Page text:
Our Two Cents

October 26, 2023 | Vito Finucci


How to help your children buy their first home - a financial guide

We address one of the most pressing topics for parents in Canada – helping your child buy their first home. The dream of homeownership remains alive for many young Canadians, but the rising costs of starter homes, often between $300,000 and $700,000, make it increasingly unattainable. With a median household income of $70,000 in 2021, most young individuals struggle to save for a down payment, let alone qualify for a mortgage.

So, how can you support your children in their quest for homeownership? We've compiled four essential ways to help you navigate this financial journey:

1. Add housing gifts to your wealth management goals

  • Assisting your children is a significant financial decision, and it's crucial not to compromise your own financial future. Consulting a wealth advisor to model and integrate this assistance into your financial plan is a smart step. It's essential to consider how your help might affect taxes and family law issues, especially in the event of a divorce. The key is ensuring your children's future doesn't come at the cost of your retirement lifestyle.


2. Give money to invest in a First-Home Savings Account

  • Starting from April 2023, the federal government introduced the FHSA, allowing first-time homebuyers to save for a down payment tax-free. While you can't directly contribute to your child's FHSA, you can gift or loan them up to $8,000 annually, up to a lifetime maximum of $40,000. When these funds are withdrawn to purchase a house, they remain tax-free. Contributions to the FHSA reduce the account holder's taxable income, and they can be carried forward to future tax years. Combined with the Home Buyers' Plan (HBP), which permits up to $35,000 to be withdrawn from an RSP tax-free for a home purchase, your child could save up to $75,000 towards their first home.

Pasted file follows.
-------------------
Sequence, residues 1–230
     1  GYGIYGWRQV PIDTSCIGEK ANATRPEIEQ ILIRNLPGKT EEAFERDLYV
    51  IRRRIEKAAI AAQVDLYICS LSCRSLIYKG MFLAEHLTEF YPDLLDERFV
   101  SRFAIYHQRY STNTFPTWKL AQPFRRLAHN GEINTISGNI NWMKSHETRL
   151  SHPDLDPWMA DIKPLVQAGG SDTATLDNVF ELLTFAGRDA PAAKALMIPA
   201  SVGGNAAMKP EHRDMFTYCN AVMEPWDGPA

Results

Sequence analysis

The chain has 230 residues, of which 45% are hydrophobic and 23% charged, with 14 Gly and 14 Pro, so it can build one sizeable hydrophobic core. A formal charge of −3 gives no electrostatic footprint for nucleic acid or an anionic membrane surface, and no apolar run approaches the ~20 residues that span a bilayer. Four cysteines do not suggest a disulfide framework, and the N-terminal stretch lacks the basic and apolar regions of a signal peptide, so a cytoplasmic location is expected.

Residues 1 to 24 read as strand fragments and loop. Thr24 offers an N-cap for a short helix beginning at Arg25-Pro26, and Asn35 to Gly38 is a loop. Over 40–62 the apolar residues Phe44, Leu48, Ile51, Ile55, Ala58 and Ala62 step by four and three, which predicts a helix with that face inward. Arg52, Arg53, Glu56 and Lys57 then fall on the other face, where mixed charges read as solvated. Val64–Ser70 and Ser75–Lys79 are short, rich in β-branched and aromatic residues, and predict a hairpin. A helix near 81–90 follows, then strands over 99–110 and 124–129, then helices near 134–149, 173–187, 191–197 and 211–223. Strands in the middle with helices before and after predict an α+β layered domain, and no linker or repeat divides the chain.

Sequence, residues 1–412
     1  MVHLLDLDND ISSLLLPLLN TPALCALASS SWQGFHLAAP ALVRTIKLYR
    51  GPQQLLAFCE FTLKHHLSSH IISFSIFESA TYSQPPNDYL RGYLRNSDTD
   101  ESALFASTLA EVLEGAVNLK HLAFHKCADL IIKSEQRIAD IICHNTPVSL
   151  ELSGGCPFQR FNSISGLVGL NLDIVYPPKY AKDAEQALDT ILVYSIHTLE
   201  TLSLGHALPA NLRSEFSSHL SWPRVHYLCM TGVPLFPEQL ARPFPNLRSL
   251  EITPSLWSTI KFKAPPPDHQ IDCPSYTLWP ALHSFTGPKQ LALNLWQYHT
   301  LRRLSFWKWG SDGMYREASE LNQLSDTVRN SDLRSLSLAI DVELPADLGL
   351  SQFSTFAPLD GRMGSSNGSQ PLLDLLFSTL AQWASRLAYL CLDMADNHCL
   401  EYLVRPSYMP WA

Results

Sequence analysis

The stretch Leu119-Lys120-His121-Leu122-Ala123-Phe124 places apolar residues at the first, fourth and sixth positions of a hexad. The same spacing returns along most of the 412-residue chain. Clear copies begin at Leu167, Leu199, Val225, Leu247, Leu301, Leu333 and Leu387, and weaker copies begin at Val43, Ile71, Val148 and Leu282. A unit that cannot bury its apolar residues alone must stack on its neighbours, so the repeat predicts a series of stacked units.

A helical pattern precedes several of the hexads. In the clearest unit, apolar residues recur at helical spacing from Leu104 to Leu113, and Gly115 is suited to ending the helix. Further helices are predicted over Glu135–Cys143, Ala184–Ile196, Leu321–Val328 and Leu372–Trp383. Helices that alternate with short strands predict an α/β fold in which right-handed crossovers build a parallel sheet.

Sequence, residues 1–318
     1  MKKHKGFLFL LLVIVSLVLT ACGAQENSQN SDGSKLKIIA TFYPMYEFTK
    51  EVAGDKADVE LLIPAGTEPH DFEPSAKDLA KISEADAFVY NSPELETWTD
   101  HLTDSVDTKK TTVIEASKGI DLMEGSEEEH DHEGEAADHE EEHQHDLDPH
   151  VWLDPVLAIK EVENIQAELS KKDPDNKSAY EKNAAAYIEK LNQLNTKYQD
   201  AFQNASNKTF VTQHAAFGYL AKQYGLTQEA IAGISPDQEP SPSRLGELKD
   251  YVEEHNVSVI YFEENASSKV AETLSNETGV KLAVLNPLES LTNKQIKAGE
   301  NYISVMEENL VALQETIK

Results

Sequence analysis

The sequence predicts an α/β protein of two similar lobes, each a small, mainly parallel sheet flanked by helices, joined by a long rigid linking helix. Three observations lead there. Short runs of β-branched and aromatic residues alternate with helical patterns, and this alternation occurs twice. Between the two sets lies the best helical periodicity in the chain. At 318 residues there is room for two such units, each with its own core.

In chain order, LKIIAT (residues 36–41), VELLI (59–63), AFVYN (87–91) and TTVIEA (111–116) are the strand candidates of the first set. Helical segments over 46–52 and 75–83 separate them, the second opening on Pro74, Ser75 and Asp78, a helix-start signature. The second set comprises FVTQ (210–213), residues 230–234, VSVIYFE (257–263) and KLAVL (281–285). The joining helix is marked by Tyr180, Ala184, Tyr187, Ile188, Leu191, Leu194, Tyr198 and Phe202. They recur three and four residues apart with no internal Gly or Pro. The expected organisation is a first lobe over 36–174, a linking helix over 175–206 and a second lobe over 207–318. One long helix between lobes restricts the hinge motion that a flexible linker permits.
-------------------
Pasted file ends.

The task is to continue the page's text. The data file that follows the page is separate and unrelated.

3. Give a downpayment or a forgivable loan

  • Given the challenges of rising real estate prices, higher interest rates, stricter mortgage rules, and increased living costs, many parents are assisting their adult children with down payments. A survey from the Ontario Real Estate Association revealed that 40% of parents had helped their children (ages 18 to 38) buy a house, with the average gift being $71,000 and the loan, $41,000. The gift of a down payment can be viewed as a 'living inheritance' and is not taxed as income in Canada. Alternatively, a forgivable loan offers flexibility and protection in that you have a debt against the home with a formally documented loan, with the option to forgive the debt in the future.


4. Become a guarantor

  • As a guarantor on your child's mortgage, you use your credit rating to secure the loan. While this can be a helpful step, it carries inherent risks. In-depth conversations with your children are essential to discuss budgeting and planning for unforeseen expenses. Keep in mind that, as a guarantor, you share responsibility for the mortgage, and any issues with repayment can affect both your child's and your credit rating.

Regardless of the strategy you choose to help your children buy a home, open and comprehensive conversations are necessary. Planning for the future can be challenging, but with careful consideration and the right financial guidance, you can pave the way for your children's homeownership dreams.

Remember, every family's financial situation is unique. If you have any questions or require personalized advice, don't hesitate to reach out to us. Your financial well-being is our priority.


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